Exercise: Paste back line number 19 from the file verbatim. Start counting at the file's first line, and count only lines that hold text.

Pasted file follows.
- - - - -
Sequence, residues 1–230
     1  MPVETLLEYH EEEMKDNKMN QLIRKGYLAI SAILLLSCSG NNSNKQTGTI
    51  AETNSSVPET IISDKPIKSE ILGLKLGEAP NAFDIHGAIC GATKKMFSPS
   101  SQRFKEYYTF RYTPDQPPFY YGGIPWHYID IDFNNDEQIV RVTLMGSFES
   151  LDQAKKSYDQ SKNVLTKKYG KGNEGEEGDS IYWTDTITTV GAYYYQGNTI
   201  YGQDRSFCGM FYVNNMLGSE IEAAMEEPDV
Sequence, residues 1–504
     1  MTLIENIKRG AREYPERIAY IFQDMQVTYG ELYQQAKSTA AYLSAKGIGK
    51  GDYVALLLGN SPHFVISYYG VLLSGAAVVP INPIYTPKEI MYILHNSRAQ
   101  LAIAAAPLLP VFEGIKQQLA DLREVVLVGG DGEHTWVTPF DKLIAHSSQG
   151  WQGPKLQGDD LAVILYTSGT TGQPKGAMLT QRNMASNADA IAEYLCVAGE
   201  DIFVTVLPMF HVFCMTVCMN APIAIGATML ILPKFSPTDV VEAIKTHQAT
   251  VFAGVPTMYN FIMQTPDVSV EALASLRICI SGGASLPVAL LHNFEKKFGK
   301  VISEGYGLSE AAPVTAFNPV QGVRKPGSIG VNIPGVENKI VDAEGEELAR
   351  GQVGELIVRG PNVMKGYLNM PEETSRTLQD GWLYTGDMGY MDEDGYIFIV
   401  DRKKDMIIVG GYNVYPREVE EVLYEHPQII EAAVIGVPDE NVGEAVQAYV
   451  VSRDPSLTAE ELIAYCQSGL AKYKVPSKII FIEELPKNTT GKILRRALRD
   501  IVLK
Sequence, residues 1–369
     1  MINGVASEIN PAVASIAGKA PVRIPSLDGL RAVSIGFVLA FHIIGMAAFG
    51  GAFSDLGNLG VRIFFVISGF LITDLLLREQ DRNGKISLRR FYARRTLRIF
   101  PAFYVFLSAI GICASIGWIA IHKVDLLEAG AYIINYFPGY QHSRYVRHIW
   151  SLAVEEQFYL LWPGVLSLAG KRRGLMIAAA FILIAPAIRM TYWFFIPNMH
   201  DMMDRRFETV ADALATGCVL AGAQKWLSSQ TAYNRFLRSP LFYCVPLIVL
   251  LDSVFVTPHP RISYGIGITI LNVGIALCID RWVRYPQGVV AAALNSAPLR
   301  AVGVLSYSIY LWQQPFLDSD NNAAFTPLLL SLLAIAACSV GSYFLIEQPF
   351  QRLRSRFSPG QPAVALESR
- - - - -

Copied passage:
Sequence, residues 1–369